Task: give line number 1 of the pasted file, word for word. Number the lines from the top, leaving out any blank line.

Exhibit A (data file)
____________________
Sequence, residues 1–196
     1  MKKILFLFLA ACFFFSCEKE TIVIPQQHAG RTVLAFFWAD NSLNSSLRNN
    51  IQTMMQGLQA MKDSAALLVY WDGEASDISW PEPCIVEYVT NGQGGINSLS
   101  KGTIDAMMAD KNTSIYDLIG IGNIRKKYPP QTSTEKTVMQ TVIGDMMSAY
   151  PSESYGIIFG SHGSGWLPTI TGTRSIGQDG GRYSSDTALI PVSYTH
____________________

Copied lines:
Sequence, residues 1–196